By Kelly Dearmore
By Jim Schutze
By Rachel Watts
By Lauren Drewes Daniels
By Anna Merlan
By Lee Escobedo
By Alice Laussade
"If I could make enough with this band to buy a house, some beer and a dog, I'd be happy," says Jake Webster, drummer of the Cut*Off, Cowtown's fascinatingly languid conglomeration of '60s garage/psychedelia and '90s grunge leftovers.
The quartet, together since 2002, got their name from the fact that, in school, each member always did just enough work to make the cut-off point for a passing grade. It's exactly this offhanded attitude toward their music that defines the band. They self-released their debut, Polarity, in 2003, but the members are quick to distance themselves from the effort.
"Those were the first 13 songs we ever wrote," says singer/guitarist Kyle Barnhill. "I have a hard time even playing those songs now."
And while such revisionist history is usually so much "promote the new stuff" ballyhoo, the group's new EP, Rorschach, is such an emotional leap forward that it's easy to ask what caused such a stirring progression. The answer is anticlimactic.
"We just took our time," says lead guitarist Jayson Hamilton, whose prickly tones and well-versed hooks add much to the two- and three-chord workouts on the EP. Hamilton's fine work is quickly apparent on "Adults We Know," a measured and menacing elegy to juvenilia, equal part Sky Saxon and Frank Black.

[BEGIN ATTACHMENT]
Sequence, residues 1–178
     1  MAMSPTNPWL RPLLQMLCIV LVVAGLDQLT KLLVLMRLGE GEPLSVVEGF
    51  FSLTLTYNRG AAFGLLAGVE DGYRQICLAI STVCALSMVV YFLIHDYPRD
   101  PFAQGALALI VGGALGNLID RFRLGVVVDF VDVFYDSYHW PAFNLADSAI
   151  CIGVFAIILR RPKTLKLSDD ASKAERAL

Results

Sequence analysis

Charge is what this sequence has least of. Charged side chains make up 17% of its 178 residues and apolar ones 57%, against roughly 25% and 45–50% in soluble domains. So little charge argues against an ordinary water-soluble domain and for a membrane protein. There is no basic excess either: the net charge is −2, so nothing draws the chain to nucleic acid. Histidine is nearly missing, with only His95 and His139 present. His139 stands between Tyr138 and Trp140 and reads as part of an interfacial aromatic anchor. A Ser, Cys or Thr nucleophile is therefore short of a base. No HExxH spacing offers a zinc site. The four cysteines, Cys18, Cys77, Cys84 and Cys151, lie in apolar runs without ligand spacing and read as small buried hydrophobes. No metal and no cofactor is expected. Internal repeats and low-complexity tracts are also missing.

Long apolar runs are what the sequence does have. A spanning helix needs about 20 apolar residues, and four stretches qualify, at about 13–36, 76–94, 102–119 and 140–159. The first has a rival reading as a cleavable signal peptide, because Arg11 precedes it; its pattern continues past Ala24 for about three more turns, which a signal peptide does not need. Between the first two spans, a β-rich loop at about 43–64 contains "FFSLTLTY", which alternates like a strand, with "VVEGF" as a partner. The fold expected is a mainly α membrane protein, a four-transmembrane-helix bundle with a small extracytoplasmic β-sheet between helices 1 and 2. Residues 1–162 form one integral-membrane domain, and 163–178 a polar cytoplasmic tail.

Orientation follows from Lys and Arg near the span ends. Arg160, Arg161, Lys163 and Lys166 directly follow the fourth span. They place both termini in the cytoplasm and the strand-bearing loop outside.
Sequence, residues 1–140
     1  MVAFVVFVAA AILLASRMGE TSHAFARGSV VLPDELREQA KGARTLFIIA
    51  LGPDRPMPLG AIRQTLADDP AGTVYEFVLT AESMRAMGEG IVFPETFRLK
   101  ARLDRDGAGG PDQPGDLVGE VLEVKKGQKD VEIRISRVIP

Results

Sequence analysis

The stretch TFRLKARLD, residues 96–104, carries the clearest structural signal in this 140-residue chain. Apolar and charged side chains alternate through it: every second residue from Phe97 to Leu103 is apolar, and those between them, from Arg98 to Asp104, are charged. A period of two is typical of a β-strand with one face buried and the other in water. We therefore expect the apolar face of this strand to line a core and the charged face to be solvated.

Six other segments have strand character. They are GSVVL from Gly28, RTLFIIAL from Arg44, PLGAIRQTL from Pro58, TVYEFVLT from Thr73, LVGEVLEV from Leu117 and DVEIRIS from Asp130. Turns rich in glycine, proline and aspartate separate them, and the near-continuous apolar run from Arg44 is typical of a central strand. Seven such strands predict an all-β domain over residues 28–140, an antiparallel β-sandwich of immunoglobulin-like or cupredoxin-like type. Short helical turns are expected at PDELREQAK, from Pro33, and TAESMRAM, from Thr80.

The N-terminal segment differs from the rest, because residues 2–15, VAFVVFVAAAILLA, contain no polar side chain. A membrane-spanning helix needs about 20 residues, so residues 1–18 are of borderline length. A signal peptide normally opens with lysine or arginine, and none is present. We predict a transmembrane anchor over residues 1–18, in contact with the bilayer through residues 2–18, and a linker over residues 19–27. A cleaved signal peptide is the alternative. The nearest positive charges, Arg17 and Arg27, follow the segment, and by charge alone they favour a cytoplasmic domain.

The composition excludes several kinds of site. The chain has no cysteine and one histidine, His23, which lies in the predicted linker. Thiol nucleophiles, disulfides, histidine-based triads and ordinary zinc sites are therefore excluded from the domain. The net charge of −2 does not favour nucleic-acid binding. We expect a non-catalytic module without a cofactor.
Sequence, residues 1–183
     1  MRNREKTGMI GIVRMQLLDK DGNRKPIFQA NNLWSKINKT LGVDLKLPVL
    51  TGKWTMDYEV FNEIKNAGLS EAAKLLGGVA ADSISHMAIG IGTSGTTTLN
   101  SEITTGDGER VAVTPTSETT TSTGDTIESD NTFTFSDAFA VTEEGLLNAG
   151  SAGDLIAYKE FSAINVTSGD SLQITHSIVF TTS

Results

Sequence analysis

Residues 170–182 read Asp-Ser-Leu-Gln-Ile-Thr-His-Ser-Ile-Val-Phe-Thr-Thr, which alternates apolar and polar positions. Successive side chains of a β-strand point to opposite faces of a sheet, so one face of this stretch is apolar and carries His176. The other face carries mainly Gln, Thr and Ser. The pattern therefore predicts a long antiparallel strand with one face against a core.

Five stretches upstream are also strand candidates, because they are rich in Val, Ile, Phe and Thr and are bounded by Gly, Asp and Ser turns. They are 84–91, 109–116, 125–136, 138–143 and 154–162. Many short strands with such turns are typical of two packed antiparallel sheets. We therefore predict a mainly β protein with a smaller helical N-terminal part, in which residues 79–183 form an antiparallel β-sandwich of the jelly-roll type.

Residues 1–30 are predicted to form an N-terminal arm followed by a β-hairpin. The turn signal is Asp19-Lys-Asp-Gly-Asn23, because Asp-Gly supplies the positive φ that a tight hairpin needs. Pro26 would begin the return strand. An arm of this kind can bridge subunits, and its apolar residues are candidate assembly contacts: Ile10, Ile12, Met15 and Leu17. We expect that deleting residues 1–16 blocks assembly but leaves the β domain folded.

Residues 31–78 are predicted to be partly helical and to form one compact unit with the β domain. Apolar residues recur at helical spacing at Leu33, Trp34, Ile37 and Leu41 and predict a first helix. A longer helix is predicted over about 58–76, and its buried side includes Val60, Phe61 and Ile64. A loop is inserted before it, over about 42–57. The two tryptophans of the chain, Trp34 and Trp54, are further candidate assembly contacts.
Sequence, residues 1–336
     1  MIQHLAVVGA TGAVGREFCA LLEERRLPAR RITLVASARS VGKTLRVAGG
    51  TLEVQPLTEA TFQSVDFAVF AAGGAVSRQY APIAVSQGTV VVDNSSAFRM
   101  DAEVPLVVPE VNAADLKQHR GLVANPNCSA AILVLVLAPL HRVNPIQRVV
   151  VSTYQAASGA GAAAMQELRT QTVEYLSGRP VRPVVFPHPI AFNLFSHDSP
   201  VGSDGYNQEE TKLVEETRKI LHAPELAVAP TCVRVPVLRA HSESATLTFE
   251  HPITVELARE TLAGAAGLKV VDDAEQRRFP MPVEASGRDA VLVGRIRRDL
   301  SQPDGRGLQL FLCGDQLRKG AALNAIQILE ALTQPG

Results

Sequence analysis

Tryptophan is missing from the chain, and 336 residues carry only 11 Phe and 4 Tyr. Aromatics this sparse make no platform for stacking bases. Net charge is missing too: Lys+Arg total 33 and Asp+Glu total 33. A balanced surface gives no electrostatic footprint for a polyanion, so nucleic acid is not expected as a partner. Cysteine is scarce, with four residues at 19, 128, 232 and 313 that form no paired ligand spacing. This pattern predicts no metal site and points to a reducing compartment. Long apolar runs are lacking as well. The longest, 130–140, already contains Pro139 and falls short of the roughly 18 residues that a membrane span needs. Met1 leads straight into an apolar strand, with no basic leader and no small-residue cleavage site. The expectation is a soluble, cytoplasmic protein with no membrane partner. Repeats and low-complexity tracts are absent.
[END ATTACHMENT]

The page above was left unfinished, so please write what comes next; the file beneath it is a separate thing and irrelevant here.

Claiming the Pixies as their Holy Grail, the four 20-somethings in the Cut*Off are all students or working stiffs, guys who see Black Francis as the embodiment of the nerd who became cool, the unattractive lout who got the last laugh in song.
"Like Black Francis," says bassist Chad Sones, "we're half-assed professionals."
The sound the band conjures up on Rorschach, however, is more indebted to Pacific Northwest grunge icons Mudhoney than to the punky pop of the Pixies. Barnhill's casually sinister vocals on cuts such as "Magdalene" and "The Basement Theory" work well against a rhythm section that barely hangs together, over which Hamilton adds his inventive lead work.
The EP, produced by local mainstay Salim Nourallah, is a compelling tribute to amateurism, the kind of sloth that made the Replacements and early Soul Asylum so relevant and likable. Hitting the road March 2, the band hopes to spread some of that charm heading north on Interstate 35 to Milwaukee and Chicago.
"My dad has a friend who owns a rental car company, and I think we got someone to pay for the gas," says Webster, expressing more of that offhanded, seat-of-the-pants slacker mentality that suits the band so very well. By balancing a commitment to their craft with a blasé attitude about the results, the Cut*Off appears poised for a break that they, thankfully, could either embrace or continue contently without.